At HSSCU, we are passionate about helping our members and our community. While we provide the best service to members, we’re aware that there is a lot more happening in our community. With that in mind, HSSCU is proud to support our members by sponsoring our community. We sponsor charities requested by members, charities who contact us directly and charities we identify that are doing great work. This year, some of our key sponsorship partners have written testimonials on their experience with HSSCU’s sponsorships. Here, they tell us about the amazing work they do and how HSSCU has helped along the way. This week, we are delighted to talk to Ray from ChildVision, Ireland’s only institution dedicated to the education and therapy needs of blind children.
ChildVision – Just because our children can’t see the stars doesn’t mean they can’t reach for them.
ChildVision is Ireland’s only dedicated centre for children and young people with sight loss, many of whom have profound sensory impairments and additional disabilities. We are located on a site in Drumcondra and are dedicated to the care of the blind since the 1850’s. ChildVision provides a national resource for families and professionals who need expert help and training in the area of sight loss or sight loss and multiple disabilities. We also operate a satellite service from our Cork centre. We look after children and young people from birth to 23 years of age.
How Was ChildVision Established?
Naming it after St. Joseph, the Carmelite Brothers opened what is now ChildVision as a centre for blind men in 1870. These Brothers were not the usual gathering of pious religious that then could be found all over Dublin, at the time the second city of the British Empire. Rather, they were famous, above all, for the grinding, slum bound poverty in which so many citizens lived.
The Brothers identified the plight of the blind as being especially pitiful, with so many blind men, in particular, reduced to public begging just to stay alive. Practical people, the Brothers believed that rather than just providing a home to these men their human dignity demanded much more. So, in defiance of a public wisdom that said blind men could never work for themselves, the Brothers set up workshops where the men learned to be basket weavers and mat makers. This focus on practical service – of helping people take charge of their own lives – continued into the 1950s when responsibility for St. Joseph’s passed to another religious order, the Institute of Charity, better known as the Rosminians. By now, St. Joseph’s was also a school, offering primary and secondary education to blind and visually impaired boys from all over Ireland. But the total focus on being there to meet the practical, if ever-changing needs of Ireland’s young visually impaired population remained dynamic. The workshops had long since had their day but other opportunities to enrich the lives of St. Joseph’s young people were always being created. The concern, then as now, became about ensuring young people experienced happy, fulfilled lives and there began a huge and enduring emphasis being placed on training and preparing people to live as independently as possible.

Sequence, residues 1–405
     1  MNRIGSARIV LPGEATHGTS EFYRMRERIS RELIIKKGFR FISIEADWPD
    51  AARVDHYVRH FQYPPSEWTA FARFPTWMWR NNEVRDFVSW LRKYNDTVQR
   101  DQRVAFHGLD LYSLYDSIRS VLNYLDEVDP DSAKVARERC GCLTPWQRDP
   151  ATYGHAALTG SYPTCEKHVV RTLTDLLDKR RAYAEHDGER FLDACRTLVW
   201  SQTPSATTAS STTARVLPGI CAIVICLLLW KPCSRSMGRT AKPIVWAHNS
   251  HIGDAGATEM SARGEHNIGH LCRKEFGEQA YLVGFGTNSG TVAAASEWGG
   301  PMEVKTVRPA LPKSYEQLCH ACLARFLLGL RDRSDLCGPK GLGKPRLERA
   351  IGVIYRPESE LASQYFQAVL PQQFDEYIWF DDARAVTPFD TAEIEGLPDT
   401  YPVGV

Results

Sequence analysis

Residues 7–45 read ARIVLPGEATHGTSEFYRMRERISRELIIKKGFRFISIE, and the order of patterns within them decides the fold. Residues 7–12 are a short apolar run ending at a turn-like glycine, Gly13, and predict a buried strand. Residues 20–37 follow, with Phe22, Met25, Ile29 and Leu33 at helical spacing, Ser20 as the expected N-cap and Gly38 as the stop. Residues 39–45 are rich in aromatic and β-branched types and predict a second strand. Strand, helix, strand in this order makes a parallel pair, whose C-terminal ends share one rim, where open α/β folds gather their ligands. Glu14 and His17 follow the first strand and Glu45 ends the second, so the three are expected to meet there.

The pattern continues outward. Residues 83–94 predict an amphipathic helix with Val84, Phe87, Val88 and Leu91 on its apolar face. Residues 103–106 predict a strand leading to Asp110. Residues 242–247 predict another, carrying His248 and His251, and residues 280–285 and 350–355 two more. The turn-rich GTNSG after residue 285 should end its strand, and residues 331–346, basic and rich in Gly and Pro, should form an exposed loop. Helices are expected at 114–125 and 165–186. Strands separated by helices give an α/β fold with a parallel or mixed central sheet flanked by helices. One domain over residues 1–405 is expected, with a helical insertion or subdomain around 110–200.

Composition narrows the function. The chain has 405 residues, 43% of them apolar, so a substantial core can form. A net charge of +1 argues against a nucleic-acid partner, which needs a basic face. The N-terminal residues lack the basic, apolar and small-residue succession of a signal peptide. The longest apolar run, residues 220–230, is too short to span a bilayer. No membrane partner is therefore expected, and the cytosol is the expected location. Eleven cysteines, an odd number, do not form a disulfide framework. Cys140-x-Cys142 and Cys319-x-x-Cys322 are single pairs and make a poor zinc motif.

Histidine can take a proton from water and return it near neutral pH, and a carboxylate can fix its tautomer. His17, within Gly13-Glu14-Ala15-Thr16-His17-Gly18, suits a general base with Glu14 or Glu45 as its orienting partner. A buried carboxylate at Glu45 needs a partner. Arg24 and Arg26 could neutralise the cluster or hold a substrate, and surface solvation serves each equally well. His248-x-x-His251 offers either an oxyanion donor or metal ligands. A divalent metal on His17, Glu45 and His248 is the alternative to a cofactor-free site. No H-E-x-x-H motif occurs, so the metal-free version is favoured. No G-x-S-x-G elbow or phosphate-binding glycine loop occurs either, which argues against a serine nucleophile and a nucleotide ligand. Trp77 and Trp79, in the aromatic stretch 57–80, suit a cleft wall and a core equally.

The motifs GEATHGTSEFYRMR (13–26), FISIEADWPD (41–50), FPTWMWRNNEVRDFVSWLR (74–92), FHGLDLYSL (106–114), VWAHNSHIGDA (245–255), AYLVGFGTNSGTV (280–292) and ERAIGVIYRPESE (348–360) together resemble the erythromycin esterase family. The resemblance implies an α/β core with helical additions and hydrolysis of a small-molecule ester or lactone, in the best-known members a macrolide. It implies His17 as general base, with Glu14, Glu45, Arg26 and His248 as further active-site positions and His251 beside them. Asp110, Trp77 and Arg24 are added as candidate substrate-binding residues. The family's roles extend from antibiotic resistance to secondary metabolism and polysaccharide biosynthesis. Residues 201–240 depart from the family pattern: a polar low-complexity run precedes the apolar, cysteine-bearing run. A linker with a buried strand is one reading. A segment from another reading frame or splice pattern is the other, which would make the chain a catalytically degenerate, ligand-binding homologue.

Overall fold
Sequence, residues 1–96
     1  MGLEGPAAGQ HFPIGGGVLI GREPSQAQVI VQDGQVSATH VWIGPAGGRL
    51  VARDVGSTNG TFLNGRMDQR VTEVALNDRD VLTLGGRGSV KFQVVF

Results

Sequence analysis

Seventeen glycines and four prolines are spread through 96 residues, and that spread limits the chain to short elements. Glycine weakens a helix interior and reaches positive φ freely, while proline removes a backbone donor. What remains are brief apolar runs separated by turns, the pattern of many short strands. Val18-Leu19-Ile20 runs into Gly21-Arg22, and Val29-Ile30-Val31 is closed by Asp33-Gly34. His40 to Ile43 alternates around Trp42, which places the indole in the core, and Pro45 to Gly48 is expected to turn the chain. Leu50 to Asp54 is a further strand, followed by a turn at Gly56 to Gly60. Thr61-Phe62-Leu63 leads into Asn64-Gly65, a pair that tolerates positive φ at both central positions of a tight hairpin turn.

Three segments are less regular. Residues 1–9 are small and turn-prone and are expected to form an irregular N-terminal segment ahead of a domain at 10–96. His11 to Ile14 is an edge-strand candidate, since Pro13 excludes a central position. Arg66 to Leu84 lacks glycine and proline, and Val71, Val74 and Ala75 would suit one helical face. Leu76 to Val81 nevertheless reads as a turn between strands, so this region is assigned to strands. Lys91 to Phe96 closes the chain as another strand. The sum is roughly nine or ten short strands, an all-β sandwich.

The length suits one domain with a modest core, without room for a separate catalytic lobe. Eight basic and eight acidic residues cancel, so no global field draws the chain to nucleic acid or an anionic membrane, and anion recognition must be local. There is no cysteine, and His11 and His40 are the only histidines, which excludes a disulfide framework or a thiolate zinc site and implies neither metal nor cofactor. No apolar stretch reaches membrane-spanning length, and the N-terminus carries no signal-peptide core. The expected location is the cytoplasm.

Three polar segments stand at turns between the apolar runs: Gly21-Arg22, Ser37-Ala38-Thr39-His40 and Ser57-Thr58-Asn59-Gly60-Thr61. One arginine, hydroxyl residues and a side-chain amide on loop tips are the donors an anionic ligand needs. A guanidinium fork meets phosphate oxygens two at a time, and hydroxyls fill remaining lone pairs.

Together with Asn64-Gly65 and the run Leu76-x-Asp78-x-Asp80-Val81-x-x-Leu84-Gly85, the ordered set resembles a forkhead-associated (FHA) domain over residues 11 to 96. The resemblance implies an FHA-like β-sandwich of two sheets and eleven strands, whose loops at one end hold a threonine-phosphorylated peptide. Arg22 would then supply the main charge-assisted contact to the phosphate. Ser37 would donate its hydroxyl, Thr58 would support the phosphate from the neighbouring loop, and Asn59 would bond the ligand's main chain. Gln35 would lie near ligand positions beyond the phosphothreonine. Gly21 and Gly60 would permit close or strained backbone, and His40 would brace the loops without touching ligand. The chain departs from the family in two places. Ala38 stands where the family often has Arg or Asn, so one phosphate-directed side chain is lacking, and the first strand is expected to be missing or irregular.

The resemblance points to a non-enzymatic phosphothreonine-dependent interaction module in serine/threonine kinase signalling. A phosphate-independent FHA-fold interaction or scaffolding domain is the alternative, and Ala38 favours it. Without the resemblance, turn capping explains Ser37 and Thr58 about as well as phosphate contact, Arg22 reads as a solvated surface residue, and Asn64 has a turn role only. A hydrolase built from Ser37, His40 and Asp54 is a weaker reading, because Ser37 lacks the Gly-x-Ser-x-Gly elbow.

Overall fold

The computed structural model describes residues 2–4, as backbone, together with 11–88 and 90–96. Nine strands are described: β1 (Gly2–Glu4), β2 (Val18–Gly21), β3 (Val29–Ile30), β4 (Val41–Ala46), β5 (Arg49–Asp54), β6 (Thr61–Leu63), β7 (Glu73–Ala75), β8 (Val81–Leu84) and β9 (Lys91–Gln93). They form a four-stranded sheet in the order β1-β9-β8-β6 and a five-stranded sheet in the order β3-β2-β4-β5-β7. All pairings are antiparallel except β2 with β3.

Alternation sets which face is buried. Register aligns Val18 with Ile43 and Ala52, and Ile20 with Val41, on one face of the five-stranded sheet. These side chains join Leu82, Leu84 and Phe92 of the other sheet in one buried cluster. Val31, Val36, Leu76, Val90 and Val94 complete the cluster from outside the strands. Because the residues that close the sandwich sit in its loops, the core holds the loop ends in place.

Orientation and mobility training, independent living courses and practical opportunities to practice and enlarge these vital skills took on a central place in the young people’s daily schedules as did classes in music, arts, crafts and pottery. Sports moved into the mainstream, with games as diverse as soccer, table tennis and hockey adapted to enable the participation of people with sight loss.
The next great change came in the 1980s. St. Joseph’s/ChildVision became among the first centres working with disabled people to close its campus based, behind-the-walls, residential facilities in favour of an innovative to move into the local community. So, young people who had previously lived in anonymous dormitories now moved into small houses, with all the opportunities this presented for living richer, more self-reliant and more visible lives. At the same time, courses in vocational education were added so that young people for whom traditional models of education were insufficient had meaningful access to lifelong learning opportunities.
By the early 1990s, ChildVision (following a name change in 2012) was now a fully integrated residential service open to young people from all over Ireland (and, occasionally, abroad), male and female, including young people with multiple and complex disabilities.
In 2020, we have grown beyond all recognition, still operating out of our main campus in Dublin we also have a satellite service in the southern half of the country in Co. Cork The children are, in the main, both multi-disabled and visually impaired (MDVI) and the services they receive include
- early years services
- family services
- primary and secondary schooling supports